The lifecycle function shows the expected price of an “average” wine versus its age, but not all vintages are the same. The following graph captures the vintage scaling function estimated from the auction data. It shows the multiplier needed to match the performance of a given vintage to the average lifecycle. Of course, the vintages have different amounts of history to model, but the vintage scaling uses all available history.
Vintage scaling is not the same as wine ratings. As a point of comparison, we also show the ratings from Wine Spectator. You can see some correlation between the ratings peaks and the vintage scaling peaks, but price is more than just the ratings. More importantly, ratings are not available for all vintages, so we need a consistent way of modeling all wines regardless of age or popularity.
The greatest challenge is predicting the price scaling for new vintages while they are still young and before they have seen their greatest price increases. This is where are analytics are particularly robust.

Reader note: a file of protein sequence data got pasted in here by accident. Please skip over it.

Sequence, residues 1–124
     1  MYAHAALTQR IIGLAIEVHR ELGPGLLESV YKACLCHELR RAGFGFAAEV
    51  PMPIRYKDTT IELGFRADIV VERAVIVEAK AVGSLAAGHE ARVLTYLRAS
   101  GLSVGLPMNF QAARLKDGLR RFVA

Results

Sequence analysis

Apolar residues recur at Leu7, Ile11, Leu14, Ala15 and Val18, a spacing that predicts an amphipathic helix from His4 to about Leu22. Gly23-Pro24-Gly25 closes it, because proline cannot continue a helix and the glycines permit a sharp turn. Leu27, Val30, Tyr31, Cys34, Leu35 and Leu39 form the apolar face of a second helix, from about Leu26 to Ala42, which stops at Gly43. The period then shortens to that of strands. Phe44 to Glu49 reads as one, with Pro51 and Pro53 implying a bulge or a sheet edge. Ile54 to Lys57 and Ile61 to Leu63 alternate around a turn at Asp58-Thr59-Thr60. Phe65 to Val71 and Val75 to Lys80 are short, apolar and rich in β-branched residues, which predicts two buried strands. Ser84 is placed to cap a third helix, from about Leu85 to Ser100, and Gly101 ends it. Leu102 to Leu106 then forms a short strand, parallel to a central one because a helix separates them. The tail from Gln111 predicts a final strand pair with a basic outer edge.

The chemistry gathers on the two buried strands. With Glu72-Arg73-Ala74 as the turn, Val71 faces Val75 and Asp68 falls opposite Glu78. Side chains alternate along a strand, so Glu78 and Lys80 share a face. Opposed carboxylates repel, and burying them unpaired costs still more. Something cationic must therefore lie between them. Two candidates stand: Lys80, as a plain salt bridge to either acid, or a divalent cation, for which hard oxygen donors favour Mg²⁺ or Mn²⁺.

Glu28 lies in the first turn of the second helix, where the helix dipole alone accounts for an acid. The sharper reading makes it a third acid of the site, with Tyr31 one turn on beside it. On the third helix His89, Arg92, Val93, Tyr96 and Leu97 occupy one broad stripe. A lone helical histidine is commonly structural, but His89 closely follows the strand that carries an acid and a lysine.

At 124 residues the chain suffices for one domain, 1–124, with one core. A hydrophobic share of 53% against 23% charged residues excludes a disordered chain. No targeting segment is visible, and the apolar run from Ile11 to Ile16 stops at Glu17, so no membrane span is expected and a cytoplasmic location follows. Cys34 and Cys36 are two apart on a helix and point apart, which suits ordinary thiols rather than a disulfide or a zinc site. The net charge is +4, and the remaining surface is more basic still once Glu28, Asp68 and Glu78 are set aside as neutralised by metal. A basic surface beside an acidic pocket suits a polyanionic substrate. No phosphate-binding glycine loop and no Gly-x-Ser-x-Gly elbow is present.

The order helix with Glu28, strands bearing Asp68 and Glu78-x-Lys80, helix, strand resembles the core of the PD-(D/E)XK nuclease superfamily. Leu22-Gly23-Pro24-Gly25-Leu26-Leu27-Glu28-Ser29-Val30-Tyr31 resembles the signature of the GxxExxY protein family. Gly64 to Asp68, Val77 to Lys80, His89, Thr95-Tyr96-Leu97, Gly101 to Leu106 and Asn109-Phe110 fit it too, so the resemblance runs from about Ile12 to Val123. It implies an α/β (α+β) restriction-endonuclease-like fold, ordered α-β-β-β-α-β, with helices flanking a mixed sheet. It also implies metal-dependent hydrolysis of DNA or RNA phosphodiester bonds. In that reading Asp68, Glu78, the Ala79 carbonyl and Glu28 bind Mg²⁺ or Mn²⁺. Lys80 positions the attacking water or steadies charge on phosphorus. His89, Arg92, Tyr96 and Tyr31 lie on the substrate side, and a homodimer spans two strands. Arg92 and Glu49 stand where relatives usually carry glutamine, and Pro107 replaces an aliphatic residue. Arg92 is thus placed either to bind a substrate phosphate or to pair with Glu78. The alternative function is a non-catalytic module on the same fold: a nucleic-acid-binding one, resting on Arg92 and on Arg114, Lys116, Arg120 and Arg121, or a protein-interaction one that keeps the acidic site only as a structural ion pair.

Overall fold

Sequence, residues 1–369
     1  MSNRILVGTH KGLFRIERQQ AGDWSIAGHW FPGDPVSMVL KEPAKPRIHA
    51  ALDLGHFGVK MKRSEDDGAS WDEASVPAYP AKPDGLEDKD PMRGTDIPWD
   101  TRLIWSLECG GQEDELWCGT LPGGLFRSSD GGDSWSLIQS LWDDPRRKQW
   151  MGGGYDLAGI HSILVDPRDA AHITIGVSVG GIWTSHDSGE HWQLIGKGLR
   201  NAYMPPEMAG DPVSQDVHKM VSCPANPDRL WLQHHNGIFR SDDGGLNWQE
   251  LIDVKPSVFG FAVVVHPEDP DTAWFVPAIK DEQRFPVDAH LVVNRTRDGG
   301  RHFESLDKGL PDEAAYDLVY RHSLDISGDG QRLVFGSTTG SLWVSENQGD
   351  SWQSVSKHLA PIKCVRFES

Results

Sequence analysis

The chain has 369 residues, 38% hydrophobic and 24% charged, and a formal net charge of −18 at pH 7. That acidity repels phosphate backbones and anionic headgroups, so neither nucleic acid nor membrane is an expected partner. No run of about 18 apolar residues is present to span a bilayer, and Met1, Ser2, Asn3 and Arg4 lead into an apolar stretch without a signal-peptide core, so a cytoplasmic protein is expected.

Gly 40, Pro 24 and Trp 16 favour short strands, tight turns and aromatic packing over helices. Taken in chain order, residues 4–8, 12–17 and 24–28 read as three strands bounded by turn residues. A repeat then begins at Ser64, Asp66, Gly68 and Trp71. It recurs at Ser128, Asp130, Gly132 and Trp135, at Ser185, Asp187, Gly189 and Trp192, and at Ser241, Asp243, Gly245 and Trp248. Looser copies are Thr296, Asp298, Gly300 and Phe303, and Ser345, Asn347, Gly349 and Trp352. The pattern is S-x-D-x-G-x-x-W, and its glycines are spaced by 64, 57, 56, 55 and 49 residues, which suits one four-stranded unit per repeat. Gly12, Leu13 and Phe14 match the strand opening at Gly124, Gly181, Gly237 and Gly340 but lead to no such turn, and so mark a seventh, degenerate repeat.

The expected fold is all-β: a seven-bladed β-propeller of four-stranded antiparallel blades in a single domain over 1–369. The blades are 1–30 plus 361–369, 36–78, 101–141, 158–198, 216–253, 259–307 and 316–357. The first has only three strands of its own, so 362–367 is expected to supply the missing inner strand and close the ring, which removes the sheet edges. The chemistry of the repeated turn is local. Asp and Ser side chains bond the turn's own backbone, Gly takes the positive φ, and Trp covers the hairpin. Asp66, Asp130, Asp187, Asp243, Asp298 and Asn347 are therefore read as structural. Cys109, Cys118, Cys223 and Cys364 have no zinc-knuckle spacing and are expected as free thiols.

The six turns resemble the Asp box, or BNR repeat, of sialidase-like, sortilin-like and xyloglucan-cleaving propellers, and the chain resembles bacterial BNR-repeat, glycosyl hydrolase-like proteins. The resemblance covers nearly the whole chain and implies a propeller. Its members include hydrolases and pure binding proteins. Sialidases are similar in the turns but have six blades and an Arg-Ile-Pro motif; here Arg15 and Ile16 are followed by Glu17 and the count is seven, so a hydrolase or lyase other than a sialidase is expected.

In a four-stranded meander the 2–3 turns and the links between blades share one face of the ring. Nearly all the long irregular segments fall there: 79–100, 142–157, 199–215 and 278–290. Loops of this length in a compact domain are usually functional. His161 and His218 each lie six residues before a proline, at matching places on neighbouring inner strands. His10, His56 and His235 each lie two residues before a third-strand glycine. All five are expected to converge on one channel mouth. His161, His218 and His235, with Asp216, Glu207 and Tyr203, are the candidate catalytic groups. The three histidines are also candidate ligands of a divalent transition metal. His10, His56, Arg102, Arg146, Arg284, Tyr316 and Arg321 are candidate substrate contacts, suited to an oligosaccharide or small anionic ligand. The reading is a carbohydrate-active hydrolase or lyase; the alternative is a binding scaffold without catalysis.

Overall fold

The third component of wine prices is the market. A good vintage at it’s greatest price appreciation point may still slump in price if the market sags, and yet measuring the market is a thorny issue.
Several groups have tried to follow the stock market index approach, where they make a basket of representative wines and track the average price of that basket. The problem is that, as we see in the lifecycle graph, the age of the wine is critical to its rate of appreciation. Any fixed basket will be biased towards increase and therefore will not reflect the true condition of the market.
Our analytical framework provides a natural solution. Prior to creating a market index, the prices are normalized for expected appreciation and the vintage scaling. This allows us to use all wines in a given category regardless of age or length of history without biasing the result. It also allows us to continually add new vintages to the market index without altering the scale.